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Insight from a Poker Player’s Story

Dear Friends,

 

 

Yesterday I attended a friend’s birthday party and a financial teacher who loves poker said that most poker players like to focus on what they are really good at and ignore their weak spot. When asked, one player said she wasn’t Unknown-2willing to invest the time and what it took in being really bad before becoming good. ¬†For some of us, it isn’t about the time, but instead about the discomfort in experiencing incompetence, vulnerability, and the feelings that come with an intense learning curve. One’s poker didn’t improve much, she said, from focusing on one’s strength; yet, took quantum leaps from growing just a small increment in the area of weakness.

This morning while journaling, I experienced this story from the perspective of spiritual awakening. The path back to one’s Wholeness includes re-living old perceived wounds and feeling the pain associated within them until realizing the original wound contributed toward a Soul Ripening and a trusting of the Universe/God. Eventually the realization comes to us that what we once saw as a wound was actually a gift for ourself and our way out of the wound benefits all of humanity.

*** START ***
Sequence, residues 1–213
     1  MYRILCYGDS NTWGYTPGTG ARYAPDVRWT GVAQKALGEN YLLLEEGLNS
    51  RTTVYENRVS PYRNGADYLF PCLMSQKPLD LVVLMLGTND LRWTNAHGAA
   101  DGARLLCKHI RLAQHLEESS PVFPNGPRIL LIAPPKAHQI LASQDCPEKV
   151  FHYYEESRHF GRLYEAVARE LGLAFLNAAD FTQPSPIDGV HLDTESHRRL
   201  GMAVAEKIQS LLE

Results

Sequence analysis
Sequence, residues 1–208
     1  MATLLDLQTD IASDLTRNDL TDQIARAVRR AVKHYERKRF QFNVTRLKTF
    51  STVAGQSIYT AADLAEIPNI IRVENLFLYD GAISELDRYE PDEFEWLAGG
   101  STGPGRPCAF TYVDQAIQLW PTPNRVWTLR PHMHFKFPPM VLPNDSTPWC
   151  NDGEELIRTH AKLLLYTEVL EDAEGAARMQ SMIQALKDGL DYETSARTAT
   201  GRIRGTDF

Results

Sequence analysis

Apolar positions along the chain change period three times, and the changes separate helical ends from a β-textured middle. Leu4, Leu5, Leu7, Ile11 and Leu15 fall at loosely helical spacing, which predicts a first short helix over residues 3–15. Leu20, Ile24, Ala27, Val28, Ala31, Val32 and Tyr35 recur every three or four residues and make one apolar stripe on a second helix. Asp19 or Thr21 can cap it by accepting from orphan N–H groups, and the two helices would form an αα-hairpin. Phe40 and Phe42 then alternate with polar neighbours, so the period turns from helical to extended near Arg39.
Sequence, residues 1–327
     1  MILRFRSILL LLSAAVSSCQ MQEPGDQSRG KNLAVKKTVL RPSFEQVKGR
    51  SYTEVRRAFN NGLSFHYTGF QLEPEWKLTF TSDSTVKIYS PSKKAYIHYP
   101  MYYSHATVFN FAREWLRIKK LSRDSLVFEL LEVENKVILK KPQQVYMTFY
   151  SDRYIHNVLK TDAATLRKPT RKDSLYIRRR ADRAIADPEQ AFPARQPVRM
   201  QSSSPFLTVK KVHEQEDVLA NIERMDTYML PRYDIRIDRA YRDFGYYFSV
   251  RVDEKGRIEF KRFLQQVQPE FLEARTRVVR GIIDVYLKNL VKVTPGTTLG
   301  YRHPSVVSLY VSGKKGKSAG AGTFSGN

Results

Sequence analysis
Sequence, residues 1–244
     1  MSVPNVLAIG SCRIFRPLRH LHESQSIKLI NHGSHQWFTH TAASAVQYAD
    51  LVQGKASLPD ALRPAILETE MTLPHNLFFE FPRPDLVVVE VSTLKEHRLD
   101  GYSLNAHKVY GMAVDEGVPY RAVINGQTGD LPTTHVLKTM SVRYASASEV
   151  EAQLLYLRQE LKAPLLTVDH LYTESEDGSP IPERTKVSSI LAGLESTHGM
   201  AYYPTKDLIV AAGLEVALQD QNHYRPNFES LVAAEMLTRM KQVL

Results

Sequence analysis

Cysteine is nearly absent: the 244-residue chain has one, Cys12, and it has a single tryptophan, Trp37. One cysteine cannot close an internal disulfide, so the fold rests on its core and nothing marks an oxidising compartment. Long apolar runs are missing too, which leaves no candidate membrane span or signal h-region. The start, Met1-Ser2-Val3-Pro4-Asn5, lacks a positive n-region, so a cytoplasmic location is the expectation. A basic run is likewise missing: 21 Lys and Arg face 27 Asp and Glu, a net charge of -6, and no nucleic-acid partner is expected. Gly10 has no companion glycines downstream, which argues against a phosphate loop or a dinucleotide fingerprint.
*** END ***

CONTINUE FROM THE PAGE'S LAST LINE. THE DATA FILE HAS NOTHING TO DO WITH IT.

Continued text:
Each of us tend to value that which we believe to be scarce, limited, or rare. This is why we attach the word “value” to our perception. An individual who deeply values love, often has a story of abandonment, believes love is limited, or has lived a large part of their life without it. Same with money. An individual that values money typically didn’t have it at one time, felt the pain of its absence, or is so awake they see the psychic pain associated to living multidimensionally without it. We could replace the words money and love with peace, safety, joy, right work and more.

The beauty of the poker player’s story to me is to look at the area of our lives that appear to us to be impoverished, lacking, or not existent. And to really see that area until we realize whatever we believe to be lacking exists, always has, and is within us. It involves being willing to continue to observe as part of our daily spiritual practice until we develop within ourselves the certainty of this Presence and can lean into it.

I vividly recall the day I woke up to the realization that I am what I was seeking. I was on my morning walk to Starbucks for a cup of tea when one step I took included the wounded perception of who I thought myself to be and the next step I saw my life through my Soul. At that moment I had the realization that if each of us were to live from the Wholeness we are the world would be different. This is good news.

bonnie

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